XStream: how to serialize objects to non XML formats

As you know, XStream makes it easy to serialize objects to XML:

Person person = ...;





I often use this approach whilst debugging to dump out the contents of an object. It works, but my eyes just aren’t that good at parsing XML.

By creating an alternative writer implementation, XStream can be used to serialize objects in other formats:

Person person = ...;
xstream.marshal(stuff, new AnAlternativeWriter(out));

Producing the slightly more digestible:

firstName = Joe
lastName = Walnes
areaCode = 123
number = 433535
areaCode = 4545
number = 4534

To gain roundtrip serialization/deserialization support in alternative formats to XML, you need to provide your own implementations of both HierarchicalStreamWriter and HierarchicalStreamReader.

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  • Comments (11)
    • Rickard
    • December 19th, 2004

    As noted here you can also use XStream to serialize/deserialize objects directly into an XML:DB database such as Xindice or eXist, by using the SAX integration. That way you have a nice “lightweight” object storage that you still can use XML tools to analyze and work with.

    • Rickard
    • December 19th, 2004

    Damnit, the link was stripped from my comment. Oh well, here it is:

  1. Nice one, Joe.

    Had a crack at YAML (http://yaml.org) yet?

  2. YAML would be awesome – it would allow for very easy Java/Ruby interop!

  3. With a YamlStreamWriter and a YamlStreamReader XStream would become a fully working Java YAML implementation. They shouldn’t be that hard to implement methinks.

    • Joe Walnes
    • December 21st, 2004

    I imagine YAML would be quite easy to do.
    As would a mechanism for serializing a complete object graph to java.util.Properties format.

    Something I’m more interested in doing is a binary representation that’s a lot more compact than the standard Java serialization format.

    • Rickard
    • December 21st, 2004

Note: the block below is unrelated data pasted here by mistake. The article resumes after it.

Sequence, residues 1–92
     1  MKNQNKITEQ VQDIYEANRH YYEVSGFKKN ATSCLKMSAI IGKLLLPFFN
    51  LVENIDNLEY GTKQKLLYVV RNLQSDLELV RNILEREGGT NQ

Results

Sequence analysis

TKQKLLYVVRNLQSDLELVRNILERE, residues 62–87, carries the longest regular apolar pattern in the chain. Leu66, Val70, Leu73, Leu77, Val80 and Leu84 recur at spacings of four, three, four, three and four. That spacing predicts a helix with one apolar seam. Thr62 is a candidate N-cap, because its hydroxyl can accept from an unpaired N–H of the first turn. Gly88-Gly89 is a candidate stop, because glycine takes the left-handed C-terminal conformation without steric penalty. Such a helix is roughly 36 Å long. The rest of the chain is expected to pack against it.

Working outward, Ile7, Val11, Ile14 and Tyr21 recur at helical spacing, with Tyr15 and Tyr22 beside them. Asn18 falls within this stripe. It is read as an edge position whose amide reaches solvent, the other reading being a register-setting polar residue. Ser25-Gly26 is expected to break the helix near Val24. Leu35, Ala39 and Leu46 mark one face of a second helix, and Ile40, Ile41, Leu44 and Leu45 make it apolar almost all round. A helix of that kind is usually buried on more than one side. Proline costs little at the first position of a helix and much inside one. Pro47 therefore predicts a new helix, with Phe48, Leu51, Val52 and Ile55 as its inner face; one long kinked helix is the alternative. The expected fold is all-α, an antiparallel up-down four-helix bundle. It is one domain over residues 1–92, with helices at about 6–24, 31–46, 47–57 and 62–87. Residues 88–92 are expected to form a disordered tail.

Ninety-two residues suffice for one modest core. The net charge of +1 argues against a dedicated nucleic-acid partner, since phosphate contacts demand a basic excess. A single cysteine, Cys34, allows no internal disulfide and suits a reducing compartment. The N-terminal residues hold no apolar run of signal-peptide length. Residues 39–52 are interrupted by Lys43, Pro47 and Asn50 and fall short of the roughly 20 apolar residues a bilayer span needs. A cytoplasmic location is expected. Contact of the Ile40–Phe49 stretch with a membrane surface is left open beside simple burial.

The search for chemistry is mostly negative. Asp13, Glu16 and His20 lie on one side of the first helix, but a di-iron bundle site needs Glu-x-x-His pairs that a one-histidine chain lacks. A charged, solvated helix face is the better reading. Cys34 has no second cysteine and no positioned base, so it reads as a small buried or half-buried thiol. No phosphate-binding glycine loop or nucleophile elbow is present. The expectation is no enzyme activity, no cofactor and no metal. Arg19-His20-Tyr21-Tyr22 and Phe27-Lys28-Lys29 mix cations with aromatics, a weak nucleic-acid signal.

Joe, my integration with the Xindice XML database is a little interesting with regard to the binary representation. If I understand it correctly it stores the DOM internally, but uses a symbol table to make it small. I suppose you could do something similar as a custom serializer, i.e. write a symbol table along with a “binary” representation of the output tree. That should work ok. It’d still be XML, just a little more compact than the text variant.

    However, if you search for “binary XML” on Google there seems to be a lot of heated arguments about whether binary XML is a good idea at all.


    • Anonymous
    • December 21st, 2004

    How about serializing to the serialised object formats of other languages, like Python, Ruby or PERL?

  4. Writing YAML would be pretty easy (YamlStreamWriter). Implementing a YamlStreamReader that reads YAML would probably be a bit harder, since the YAML spec is not trivial (http://www.yaml.org/spec/).

    A YamlStreamReader could be written based on the following approaches:

    1) Port Syck (http://whytheluckystiff.net/syck/) from C to Java (manually or with the help of a C-to-Java translator)

    2) Implement a YAML parser from scratch, using a similar approach to http://homepages.ihug.com.au/~zenaan/zenaan/files/ more notably this (retired?) one based on ANTLR (http://homepages.ihug.com.au/~zenaan/zenaan/files/yamljava/)
    Perhaps a JFlex grammar could be generated from the YAML spec page?

    3) Implement a lo-fi parser that can only parse “simple” YAML documents.

    I would think option 1 or 2 are the best options in the long run.

    Answer to Anonymous Coward regarding object formats like Python, Ruby or PERL: YAML is the way to go I think. All of these languages support YAML.

    • Francois Henderson
    • August 22nd, 2005

    Hi Joe,
    I posted a question on the XStream user mailing list, without answer yet. May be you have an idea of how I can handle deserializization of XML file that contains a repeted object. I used the “Frequently Ask Questions” example to do my testing. Create XML from Java Class Object is pretty straith forward but repopulate your objects when there is more than one of the same object is not really trivial. If you have any input that will be really great. Thanks in advance. Cheers.

  5. Indeed, compact binary format will be an awesome addition to the excellent XStream package. Default Java serialization has its problems and there is the need for fast, memory efficient and compact binary serialization. BTW, I am sure you have looked at Hessian and Burlap (from the makers of the Resin app. server)

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